Friday, April 24, 2015

Theodore Roosevelt Masonic Birthday

On today's date in 1901 Theodore Roosevelt received his Third Degree and was made a Master Mason.

This is the petition that Brother T. Roosevelt completed to join his home town lodge Matinecock #806 in New York.The year is 1901.This was just weeks before President McKinley was assassinated.

Here are some quotes from T.R. himself and some people close to him:

"One of the things that attracted me so greatly to Masonry that I hailed the chance of becoming a Mason, was that it really did act up to what we, as a government and as a people, are pledged to—namely, to treat each man on his merits as a man. When Brother George Washington went into a lodge of the fraternity he went into the one place in the United States where he stood below or above his fellows according to their official position in the lodge. He went into the place where the idea of our government was realized, as far as it is humanly possible for mankind to realize lofty ideal. know that you will not only understand me, but sympathize with me, when I say that, great though my pleasure is in being here as your guest in this beautiful temple, and in meeting such a body of men as that I am now addressing, I think my pleasure is even greater when going into some little lodge where I meet the plain, hard-working men—the men who work with their hands—and meet them on a footing of genuine equality, not false equality—of genuine equality conditioned upon each man being a decent man, a fair-dealing man.” Roosevelt said at a later date: “Masonry should make, and must make, each man who conscientiously and understandingly takes its obligations, a fine type of American citizen, because Masonry teaches him his obligations to his fellows in practical fashion."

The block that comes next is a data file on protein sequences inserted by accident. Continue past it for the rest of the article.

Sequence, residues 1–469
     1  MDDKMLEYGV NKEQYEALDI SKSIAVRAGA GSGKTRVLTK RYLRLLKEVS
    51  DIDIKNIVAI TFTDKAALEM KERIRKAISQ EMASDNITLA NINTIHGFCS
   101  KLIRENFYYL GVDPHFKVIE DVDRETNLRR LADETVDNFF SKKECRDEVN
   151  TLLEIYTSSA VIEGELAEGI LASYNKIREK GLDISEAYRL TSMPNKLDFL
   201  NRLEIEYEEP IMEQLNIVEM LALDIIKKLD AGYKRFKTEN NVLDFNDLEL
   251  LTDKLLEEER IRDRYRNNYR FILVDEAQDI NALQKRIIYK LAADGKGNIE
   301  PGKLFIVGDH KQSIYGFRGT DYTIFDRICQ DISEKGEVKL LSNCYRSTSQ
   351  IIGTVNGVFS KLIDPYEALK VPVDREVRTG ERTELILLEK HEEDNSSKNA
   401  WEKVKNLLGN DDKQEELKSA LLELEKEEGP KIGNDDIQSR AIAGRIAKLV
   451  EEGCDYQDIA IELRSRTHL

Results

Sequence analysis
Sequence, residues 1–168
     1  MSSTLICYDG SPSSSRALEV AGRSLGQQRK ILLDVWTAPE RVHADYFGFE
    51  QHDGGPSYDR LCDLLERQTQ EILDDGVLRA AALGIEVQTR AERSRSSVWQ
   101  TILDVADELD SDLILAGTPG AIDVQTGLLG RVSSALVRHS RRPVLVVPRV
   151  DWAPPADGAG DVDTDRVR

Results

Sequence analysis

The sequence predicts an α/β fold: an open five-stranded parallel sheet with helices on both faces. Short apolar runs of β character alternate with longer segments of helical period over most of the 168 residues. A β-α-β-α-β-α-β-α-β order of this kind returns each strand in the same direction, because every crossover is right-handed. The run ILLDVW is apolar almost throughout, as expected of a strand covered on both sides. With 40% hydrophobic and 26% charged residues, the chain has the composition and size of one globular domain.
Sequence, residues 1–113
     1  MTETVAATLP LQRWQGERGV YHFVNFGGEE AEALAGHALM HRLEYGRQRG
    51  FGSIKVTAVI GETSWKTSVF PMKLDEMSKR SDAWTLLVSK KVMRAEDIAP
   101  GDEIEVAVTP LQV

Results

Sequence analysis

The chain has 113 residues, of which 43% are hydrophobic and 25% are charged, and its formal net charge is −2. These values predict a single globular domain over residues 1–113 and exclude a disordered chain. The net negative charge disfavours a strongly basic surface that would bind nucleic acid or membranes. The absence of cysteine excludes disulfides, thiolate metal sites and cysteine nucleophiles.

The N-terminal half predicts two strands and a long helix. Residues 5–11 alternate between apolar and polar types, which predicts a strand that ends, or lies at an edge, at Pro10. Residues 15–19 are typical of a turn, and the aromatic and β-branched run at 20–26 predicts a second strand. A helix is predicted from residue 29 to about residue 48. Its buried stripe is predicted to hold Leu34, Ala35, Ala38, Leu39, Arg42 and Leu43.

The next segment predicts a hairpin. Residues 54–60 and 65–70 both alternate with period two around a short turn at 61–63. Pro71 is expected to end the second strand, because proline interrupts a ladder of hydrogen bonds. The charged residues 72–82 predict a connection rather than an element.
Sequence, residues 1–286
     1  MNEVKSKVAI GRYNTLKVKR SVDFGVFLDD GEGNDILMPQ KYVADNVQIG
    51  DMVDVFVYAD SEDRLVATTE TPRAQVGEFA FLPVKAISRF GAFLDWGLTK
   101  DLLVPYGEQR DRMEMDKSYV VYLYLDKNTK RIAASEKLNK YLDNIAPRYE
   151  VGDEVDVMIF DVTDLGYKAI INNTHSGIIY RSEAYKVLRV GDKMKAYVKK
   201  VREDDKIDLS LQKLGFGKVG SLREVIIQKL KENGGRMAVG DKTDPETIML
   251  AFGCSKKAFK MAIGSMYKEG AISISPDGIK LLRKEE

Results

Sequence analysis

“If we could get wage-workers and employers in any given occupation or in any given district in a lodge together, I would guarantee the result . . . and I would guarantee it, because if that thing happened we would come into the lodge, all of us, each wanting to do what was good for his brother; each recognizing that in our government every man of us has to be his broth­er’s keeper; not recognizing it in any spirit of foolish emotionalism; not under the impression that you can benefit your brother by some act of weak, yielding complacency that will be a curse to him (and of course to you). That is not the way to benefit him."
"Masonry teaches us in this direction, and makes us care for the brethren that stumble and fall, and for the wives and little ones of those who are beaten down in the harsh battle of life."
“Masonry teaches and fosters in the man the qualities of self-respect and self-help— the qualities that make a man fit to stand by himself—and yet it must foster in every one who appreciates it as it should be ap­preciated the beautiful and solemn ritual— it must foster in him a genuine feeling for the rights of others and for the feelings of others; and Masons who help one another help in a way that is free from that curse of help, patronizing condescension."